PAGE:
62. Rogue (A.I. Design, 1980)

A game that defined an entire genre, Rogue also has a long history itself, being created for old Unix mainframes in 1980 before getting ported to just about every commercial computer platform of the time, and it of course continues to get ports, remakes and copycats to this day owing to how popular and influential it is.  Rogue's procedurally generated dungeon floors, randomized enemies and loot (wands and potions have different effects each time you play, and equipment can randomly be cursed or enchanted, but you never know which in advance) keep it fresh and challenging, and even with its lack of graphics (everything being portrayed through ASCII symbols), it captures your imagination and keeps you hooked.  Lots of games have been built on its model - short but punishing dungeon dives with a heavy focus on random factors - but Rogue remains a highly regarded staple for good reason. 

61. Unreal Tournament (Epic Games/Digital Extremes, 1999)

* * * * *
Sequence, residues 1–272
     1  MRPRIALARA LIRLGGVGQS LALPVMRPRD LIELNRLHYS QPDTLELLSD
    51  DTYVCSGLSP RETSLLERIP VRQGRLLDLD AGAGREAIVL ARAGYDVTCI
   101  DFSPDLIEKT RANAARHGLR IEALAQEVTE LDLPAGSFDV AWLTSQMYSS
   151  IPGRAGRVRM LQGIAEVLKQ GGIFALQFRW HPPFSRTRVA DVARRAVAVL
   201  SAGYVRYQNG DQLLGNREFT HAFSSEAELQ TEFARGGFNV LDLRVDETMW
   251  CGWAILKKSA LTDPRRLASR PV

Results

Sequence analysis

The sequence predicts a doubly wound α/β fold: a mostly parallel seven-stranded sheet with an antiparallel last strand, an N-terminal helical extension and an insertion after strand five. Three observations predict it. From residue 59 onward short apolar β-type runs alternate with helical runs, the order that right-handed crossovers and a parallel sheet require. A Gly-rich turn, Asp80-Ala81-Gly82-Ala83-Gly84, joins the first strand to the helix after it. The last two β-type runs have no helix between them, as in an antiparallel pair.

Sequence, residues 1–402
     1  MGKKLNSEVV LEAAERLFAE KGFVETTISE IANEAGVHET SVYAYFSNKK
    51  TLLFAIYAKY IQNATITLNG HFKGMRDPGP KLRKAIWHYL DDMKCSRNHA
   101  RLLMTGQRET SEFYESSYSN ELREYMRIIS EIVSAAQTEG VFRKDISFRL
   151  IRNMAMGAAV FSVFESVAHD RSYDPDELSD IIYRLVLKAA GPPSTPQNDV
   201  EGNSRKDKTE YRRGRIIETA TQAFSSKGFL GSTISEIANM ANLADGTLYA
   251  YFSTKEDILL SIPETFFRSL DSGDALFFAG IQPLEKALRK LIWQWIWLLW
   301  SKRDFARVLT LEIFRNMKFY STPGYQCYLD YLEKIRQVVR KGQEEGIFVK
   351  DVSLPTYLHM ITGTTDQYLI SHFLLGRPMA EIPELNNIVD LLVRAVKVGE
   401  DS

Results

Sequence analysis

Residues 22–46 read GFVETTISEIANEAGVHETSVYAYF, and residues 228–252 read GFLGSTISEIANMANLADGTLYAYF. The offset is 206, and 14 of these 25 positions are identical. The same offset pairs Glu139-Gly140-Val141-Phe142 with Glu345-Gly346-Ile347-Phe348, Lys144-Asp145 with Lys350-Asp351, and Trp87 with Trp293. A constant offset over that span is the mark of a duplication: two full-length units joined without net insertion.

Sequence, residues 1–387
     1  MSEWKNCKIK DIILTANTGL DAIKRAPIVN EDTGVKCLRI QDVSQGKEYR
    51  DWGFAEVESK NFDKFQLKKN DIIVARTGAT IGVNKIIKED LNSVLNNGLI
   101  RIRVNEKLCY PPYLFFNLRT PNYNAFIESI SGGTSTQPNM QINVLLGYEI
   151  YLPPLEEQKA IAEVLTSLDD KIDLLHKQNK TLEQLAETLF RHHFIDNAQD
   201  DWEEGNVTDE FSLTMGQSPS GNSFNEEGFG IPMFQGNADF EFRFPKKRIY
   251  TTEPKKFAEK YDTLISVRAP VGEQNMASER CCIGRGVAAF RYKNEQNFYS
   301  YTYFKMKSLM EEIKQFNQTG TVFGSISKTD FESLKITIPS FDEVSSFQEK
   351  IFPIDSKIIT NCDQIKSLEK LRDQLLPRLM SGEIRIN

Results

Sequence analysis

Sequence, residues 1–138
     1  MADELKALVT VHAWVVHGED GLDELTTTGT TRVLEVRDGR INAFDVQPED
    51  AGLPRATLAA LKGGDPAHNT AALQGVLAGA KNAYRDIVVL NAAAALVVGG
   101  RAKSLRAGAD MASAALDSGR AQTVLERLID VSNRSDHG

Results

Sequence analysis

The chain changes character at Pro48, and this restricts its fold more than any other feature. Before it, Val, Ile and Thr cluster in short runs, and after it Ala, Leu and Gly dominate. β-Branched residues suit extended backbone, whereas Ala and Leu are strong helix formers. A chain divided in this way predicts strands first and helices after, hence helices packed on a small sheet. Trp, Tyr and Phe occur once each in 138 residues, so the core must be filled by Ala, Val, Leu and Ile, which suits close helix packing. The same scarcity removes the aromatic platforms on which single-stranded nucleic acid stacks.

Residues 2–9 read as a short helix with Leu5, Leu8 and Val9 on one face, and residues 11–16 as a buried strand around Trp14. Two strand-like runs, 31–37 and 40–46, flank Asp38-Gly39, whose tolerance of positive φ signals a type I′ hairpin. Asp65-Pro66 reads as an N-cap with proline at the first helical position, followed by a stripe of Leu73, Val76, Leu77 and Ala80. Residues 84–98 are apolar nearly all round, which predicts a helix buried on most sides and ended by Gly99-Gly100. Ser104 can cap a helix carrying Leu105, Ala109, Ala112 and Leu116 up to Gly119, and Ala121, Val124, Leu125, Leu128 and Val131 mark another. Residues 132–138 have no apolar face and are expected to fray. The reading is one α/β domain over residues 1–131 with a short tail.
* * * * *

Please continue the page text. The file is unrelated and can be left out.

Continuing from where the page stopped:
A game that was downright mind-blowing in 1999 and remains a fan favorite to this day.  While not the first FPS to feature networked gameplay, it was the first I remember being focused almost exclusively on its online multiplayer element.  Keeping the same flash and flair of the original Unreal with fast-paced, crazy action (complete with equally over-the-top weaponry like the Shock Rifle and the incredibly dangerous Redeemer), it was nothing short of exhilarating to run around a huge map, getting into crazy-fast skirmishes with other players and bots.  It also brought us numerous cool game modes like Capture the Flag, Domination (point capture), Last Man Standing and deathmatches, both team-based and free-for-all.  It takes a bit of tweaking to get running on modern machines, but it's well worth the effort.